Expectant mothers won’t just be noticing mood swings, big bellies, and swollen ankles during their pregnancy. In order to prepare for impending birth, multiple body systems undergo profound, if temporary, changes to accommodate this new addition. These alternations range from hormonal changes to memory loss and organ functioning.
How Hair Changes During Pregnancy
Since skin is the human body’s largest organ and hair is dying skin, hair changes are not uncommon during pregnancy. There are a variety of these pregnancy hair changes as well. Most women will suddenly be gifted with full, healthy, very vibrant locks. Other expectant mothers may experience Telogen effluvium or abnormal hair loss during pregnancy, though this is more likely to be seen immediately after delivery. And some expectant mothers may wonder what all the fuss over hair and pregnancy is about because they’re not seeing much difference themselves.
Why Hair Changes Happen During Pregnancy
Both hair growth and loss in women are affected by the hormone known as estrogen. During pregnancy, a woman’s estrogen levels rise. A healthy pregnant woman should expect to see a full, very healthy head of hair. In fact, women who suffer from hair loss disorders such as androgenetic alopecia will often have their hair restored to them during or after the course of their pregnancy. But this hair bonanza isn’t only limited to the top of the head, and pregnant woman often find themselves having “hair eruptions” all over the body, such as face and abdomen and sometimes embarrassingly so. Ironically, these increased estrogen levels aren’t having your body produce more hair. Instead, it’s slowing down the body’s hair growth/shed cycle. As a result, your body retains hair to a degree that it wouldn’t normally. And more hair isn’t the only thing that pregnant woman might notice. Hair color and texture might also change during pregnancy. While excessive hair growth ends with the pregnancy, for some women these other changes are permanent.
When Hair Can be a Warning Sign During Pregnancy
Your straight hair is noticeably curly? Those blonde locks are definitely darker? And that usually beautiful, shiny hair is now limp and greasy? None of these new “looks” are any reason for concern during a pregnancy, and will generally end when the baby is delivered. After delivery, as the body’s estrogen levels and hair growth/loss cycles try to return to normal, most women notice sudden hair loss and brittle nails that easily split. Nail and hair loss at the end of a pregnancy are perfectly normal, but for most women, to experience this during a pregnancy is not. The reasons for these losses during pregnancy are most commonly mineral and vitamin deficiencies. Other, more serious causes of pregnancy hair loss include hormonal imbalances and the loss of the pregnancy itself. If an expectant mother is experiencing abnormal hair loss during pregnancy, a doctor’s visit is recommended.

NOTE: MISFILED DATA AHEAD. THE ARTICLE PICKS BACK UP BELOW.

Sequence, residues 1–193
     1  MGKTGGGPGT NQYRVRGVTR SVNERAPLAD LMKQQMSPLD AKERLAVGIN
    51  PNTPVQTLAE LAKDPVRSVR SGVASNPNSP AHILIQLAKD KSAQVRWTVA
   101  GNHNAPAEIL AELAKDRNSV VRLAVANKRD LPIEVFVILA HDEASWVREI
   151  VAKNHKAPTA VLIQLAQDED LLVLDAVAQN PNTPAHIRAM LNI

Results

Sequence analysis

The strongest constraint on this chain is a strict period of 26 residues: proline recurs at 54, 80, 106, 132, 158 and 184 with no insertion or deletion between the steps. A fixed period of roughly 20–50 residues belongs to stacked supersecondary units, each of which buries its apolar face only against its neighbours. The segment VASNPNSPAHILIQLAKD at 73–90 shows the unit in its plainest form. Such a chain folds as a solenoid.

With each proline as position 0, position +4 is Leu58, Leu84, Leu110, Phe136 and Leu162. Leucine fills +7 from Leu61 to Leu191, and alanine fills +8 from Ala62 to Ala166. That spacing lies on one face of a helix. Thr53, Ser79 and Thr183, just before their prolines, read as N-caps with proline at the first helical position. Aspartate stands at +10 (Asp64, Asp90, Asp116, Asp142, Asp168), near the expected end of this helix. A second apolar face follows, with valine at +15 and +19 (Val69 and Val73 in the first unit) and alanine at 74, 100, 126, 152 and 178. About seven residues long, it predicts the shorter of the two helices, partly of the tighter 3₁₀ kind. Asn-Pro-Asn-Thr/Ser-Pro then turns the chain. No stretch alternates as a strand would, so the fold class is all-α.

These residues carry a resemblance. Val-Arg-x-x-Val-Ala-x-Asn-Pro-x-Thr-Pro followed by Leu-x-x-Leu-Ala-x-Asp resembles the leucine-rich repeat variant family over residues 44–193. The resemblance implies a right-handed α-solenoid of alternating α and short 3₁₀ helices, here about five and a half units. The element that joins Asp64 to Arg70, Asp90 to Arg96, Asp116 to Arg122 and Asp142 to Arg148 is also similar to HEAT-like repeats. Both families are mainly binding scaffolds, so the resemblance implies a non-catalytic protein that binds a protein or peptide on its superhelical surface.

Vitamins And Minerals
Things aren’t any more normal for a pregnant woman’s hair than the rest of her during gestation. While pregnancy’s effects are usually temporary for hair and nails, they can be lessened by eating fruits and vegetables rich in flavonoids and antioxidants as well as consuming doctor approved levels of vitamins and minerals. Iron deficiency during pregnancy may also be to blame for some cases of hair loss during pregnancy. In this case, an appropriate iron supplement could help. Women can also avoid activities that normally stresses hair such as hot rollers, hair weaves and combing and brushing hair while it is wet.
Managing Pregnant Hair
In general, hair care is very important during pregnancy. Be sure to use a mild shampoo while washing your hair. For dry hair, regular hair treatment is recommended. While hair treatments such as coloring and perming involve strong chemicals, the limited amount of contact they have with expectant mothers’ skin isn’t believed to cause harm to unborn children. To be safe, however, it’s suggested that expectant mothers wait until the second trimester to have such processes done. They should also be done in a well-ventilated area, and if the mother herself is doing this, she should wear impenetrable gloves while using these chemicals. There are now a number of milder products on the market to consider like henna, temporary highlights and vegetable dye. In these cases, you can use certain herbs such as chamomile, sage and other fruits and vegetables to dye your hair on a natural basis. Finally, pregnant women should expect a dramatic loss of hair, called postpartum effluvium, anywhere from three to six months after the birth of the baby. This is a sudden, large loss, and it can upset many women. But they shouldn’t worry, as that hair will grow, right along with their baby.
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